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Investigating the Relationship Between Connection, Agency and Autonomy for Controlling a Robot Arm for Remote Social Physical Interaction

  • Ryuya SatoEmail author
  • Don Kimber
  • Yanxia Zhang
Conference paper
Part of the Lecture Notes in Computer Science book series (LNCS, volume 11584)

Abstract

Current telecommunication systems such as Skype cannot allow remote users to interact physically. Thus, we propose installing a robot arm and teleoperating it can realize social physical interaction. Some autonomy may be necessary to realize easy teleoperation because teleoperation requires mental workload. However, too much autonomy can decrease sense of agency, which may cause lack of connection because remote users do not feel they caused actions. Thus, in this study, we investigate the relationship between autonomy level and sense of connection of a remote person with local area and people. We focus on pushing tasks because pushing is one of the major functions in hand and arm use. Sense of agency can be categorized into the Feeling of agency (FOA) which is not conceptual and the Judgement of agency (JOA) which is conceptual. Therefore, we conducted user studies to investigate whether FOA associated with control of trajectories and joint angles affects the sense of connection. The results suggested that higher autonomy could decrease telepresence, and remote users preferred controlling joint angles for fun, but they did not need FOA for performance.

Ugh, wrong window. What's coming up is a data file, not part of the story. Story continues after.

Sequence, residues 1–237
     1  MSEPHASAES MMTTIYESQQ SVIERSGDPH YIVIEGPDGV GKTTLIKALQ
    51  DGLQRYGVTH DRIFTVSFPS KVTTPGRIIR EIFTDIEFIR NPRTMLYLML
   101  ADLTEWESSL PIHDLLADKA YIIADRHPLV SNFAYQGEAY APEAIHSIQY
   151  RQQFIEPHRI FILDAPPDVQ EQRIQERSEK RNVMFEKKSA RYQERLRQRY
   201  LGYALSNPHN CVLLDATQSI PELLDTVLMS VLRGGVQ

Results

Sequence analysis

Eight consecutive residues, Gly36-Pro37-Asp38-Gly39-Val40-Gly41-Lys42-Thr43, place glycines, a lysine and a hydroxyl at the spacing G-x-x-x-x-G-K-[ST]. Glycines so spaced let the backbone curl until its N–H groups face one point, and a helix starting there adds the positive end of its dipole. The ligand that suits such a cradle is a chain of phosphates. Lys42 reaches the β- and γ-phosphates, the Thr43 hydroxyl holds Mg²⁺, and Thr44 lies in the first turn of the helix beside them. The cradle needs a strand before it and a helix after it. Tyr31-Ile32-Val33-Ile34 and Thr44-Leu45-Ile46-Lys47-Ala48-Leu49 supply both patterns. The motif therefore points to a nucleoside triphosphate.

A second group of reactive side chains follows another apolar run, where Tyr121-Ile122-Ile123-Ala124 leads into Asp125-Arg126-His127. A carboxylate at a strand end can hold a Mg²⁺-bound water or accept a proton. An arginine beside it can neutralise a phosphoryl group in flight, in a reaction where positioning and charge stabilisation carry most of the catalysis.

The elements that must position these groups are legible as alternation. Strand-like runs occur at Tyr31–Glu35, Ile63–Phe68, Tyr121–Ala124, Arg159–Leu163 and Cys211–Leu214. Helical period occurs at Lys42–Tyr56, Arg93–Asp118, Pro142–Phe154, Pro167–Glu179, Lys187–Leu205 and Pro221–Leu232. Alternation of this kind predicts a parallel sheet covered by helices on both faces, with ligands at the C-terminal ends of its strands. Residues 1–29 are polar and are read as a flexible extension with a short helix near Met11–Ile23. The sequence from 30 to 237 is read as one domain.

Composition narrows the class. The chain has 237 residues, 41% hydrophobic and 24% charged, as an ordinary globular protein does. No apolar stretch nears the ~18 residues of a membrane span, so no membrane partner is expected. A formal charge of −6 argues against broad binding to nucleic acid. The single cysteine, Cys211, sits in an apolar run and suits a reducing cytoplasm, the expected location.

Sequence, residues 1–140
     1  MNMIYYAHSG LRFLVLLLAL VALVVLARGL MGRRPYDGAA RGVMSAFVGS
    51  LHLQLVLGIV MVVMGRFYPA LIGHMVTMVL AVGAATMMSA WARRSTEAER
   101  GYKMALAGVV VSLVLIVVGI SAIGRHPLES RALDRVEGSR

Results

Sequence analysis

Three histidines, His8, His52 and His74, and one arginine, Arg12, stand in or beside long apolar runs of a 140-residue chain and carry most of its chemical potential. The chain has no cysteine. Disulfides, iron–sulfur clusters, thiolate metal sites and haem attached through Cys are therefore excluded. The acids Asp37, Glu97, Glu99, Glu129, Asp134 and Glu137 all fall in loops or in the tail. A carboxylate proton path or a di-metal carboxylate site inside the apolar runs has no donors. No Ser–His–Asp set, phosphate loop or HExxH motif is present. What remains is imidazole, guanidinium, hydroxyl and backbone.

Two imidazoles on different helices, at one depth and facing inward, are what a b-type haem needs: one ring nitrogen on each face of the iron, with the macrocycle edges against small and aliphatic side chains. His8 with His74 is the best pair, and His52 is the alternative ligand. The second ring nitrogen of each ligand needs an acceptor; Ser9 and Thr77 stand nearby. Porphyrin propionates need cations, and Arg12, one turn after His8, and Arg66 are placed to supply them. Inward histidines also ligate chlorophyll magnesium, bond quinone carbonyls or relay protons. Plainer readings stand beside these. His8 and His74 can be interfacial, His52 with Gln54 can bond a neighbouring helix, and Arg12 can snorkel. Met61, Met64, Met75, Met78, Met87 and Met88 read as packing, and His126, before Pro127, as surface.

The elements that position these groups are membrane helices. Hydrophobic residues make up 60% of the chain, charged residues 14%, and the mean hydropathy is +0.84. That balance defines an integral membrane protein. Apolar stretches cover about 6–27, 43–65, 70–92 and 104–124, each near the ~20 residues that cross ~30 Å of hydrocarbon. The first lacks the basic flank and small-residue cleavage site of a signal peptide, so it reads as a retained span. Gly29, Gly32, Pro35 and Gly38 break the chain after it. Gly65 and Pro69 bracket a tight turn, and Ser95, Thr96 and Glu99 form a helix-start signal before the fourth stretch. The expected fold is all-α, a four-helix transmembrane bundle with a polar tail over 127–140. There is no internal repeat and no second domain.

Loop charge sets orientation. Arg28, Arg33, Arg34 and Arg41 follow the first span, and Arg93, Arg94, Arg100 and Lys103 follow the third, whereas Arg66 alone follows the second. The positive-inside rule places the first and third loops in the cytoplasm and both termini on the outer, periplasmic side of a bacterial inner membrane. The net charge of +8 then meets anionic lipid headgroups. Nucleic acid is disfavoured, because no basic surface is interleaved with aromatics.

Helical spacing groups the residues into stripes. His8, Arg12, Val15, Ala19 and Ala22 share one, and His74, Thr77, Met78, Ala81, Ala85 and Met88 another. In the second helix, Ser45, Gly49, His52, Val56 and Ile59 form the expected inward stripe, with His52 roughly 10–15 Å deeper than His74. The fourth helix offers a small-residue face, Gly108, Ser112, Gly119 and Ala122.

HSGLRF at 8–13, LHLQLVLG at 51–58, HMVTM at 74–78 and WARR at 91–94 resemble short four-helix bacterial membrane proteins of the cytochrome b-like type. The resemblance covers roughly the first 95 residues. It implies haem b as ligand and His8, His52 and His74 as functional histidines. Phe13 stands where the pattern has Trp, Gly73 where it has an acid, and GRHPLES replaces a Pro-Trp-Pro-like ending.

Keywords

Remote social physical interaction Teleoperation Sense of agency 

Notes

Acknowledgement

This research was supported by FXPAL. We would also like to thank Reach and Teach.

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Copyright information

© Springer Nature Switzerland AG 2019

Authors and Affiliations

  1. 1.Waseda UniversityTokyoJapan
  2. 2.FX Palo Alto Laboratory (FXPAL)Palo AltoUSA

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